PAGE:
As the world becomes increasingly digitised, the threat of cyber attacks is growing. The latest warning comes from IDCARE, Australia’s national identity support service, which has expressed concern that new privacy laws could lead companies to pay ransoms to hackers to keep a data breach quiet.
Increased Penalties for Privacy Breaches
IDCARE’s submission to the federal government’s review of the Privacy Act highlighted the fact that increased penalties for privacy breaches could encourage businesses to opt for a quick ransom payment instead of reporting the breach.
This creates a moral hazard that incentivises companies to keep quiet about the attack, as paying the attacker is often cheaper than paying the penalty.
New Privacy Laws May Encourage Ransomware Attacks
IDCARE also warned that the government’s proposed amendments to the Privacy Act could have the adverse consequence of making privacy compliance “much more litigious.” Instead of informing and supporting people who have been placed in potentially vulnerable positions, the breach frameworks seem to be more about ‘tick a box’ reporting to regulators and protecting other interests.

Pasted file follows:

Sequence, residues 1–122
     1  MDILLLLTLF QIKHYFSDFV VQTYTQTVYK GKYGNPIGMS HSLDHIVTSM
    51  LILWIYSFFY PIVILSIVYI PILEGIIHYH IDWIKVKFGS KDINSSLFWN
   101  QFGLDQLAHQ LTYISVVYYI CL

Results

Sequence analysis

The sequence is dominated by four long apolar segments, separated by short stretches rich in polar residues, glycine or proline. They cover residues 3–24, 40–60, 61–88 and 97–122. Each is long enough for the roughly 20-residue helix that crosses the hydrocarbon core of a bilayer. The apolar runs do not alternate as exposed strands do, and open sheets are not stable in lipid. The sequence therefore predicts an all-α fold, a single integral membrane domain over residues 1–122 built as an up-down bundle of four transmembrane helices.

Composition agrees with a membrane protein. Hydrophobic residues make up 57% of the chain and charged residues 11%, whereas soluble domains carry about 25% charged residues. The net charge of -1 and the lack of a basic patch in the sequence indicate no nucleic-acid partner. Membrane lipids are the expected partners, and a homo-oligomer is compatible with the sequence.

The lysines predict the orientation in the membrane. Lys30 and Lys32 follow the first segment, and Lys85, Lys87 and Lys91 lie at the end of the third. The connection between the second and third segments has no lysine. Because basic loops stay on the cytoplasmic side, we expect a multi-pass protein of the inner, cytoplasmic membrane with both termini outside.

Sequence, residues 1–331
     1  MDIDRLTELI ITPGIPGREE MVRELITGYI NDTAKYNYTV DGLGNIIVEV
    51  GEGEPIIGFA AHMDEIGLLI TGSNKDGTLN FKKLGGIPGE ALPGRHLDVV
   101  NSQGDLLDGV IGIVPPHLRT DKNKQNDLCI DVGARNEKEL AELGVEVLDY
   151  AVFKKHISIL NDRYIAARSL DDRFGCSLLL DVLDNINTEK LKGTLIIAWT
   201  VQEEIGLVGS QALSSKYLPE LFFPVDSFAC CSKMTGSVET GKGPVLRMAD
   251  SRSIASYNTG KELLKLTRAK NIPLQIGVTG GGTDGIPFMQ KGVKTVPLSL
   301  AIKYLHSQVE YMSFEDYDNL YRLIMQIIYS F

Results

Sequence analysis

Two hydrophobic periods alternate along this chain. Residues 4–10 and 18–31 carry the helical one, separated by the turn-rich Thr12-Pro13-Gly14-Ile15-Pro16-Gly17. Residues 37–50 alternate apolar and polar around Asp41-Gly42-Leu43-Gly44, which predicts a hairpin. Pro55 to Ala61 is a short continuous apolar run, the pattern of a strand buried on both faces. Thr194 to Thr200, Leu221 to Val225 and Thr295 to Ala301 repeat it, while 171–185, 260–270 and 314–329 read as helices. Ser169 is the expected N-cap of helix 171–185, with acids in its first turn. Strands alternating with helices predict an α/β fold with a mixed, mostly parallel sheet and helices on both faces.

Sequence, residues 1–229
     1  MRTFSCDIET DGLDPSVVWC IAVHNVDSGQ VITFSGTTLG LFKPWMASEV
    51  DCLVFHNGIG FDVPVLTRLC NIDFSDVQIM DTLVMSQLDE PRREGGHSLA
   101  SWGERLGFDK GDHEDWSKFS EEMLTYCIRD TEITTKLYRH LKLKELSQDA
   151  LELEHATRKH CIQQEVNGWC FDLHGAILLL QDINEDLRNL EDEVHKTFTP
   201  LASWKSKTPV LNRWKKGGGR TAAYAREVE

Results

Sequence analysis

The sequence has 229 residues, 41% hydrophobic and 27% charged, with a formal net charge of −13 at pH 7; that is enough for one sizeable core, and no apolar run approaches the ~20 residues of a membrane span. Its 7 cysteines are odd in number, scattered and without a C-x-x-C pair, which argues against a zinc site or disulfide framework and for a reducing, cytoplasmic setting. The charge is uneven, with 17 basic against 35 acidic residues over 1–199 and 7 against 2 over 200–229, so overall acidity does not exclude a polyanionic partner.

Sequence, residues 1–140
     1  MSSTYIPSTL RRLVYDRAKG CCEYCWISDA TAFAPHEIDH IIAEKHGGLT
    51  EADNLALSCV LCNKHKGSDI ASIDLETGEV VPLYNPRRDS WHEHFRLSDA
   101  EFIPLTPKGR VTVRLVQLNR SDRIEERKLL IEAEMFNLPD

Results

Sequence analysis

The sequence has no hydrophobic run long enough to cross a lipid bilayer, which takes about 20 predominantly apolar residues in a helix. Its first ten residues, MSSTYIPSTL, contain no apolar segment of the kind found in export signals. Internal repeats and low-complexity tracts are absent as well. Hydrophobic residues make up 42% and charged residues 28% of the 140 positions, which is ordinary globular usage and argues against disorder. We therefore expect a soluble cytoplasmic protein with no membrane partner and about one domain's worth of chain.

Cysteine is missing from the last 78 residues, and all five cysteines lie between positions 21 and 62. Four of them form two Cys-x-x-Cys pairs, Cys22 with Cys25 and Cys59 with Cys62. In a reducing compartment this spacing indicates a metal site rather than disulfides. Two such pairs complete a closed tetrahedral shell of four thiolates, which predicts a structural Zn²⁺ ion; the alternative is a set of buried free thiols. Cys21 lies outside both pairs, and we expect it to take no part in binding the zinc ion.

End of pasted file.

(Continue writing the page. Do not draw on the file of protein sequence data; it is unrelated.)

Complexities of Ransom Payments
IDCARE has warned that increased penalties for privacy breaches – up to $50 million for a serious privacy breach, one-third of the turnover for an affected company, or three times any financial benefit obtained through data misuse – could encourage businesses to pay ransoms to hackers to keep data breaches quiet.
Insurance companies often encourage payment of a ransom to recover data. This creates a moral dilemma for businesses, who must weigh the costs of a ransom payment against the fallout of a public data breach. The conflicting nature of compliance and notification environments only adds to the problem.
Promoting Transparency and Accountability
As the threat of cyber attacks continues to grow, it is more important than ever to promote transparency and accountability in data breaches. We need to create a culture where businesses feel safe and supported in reporting data breaches, rather than being punished for it. By doing so, we can protect customers and businesses alike from the consequences of ransomware attacks.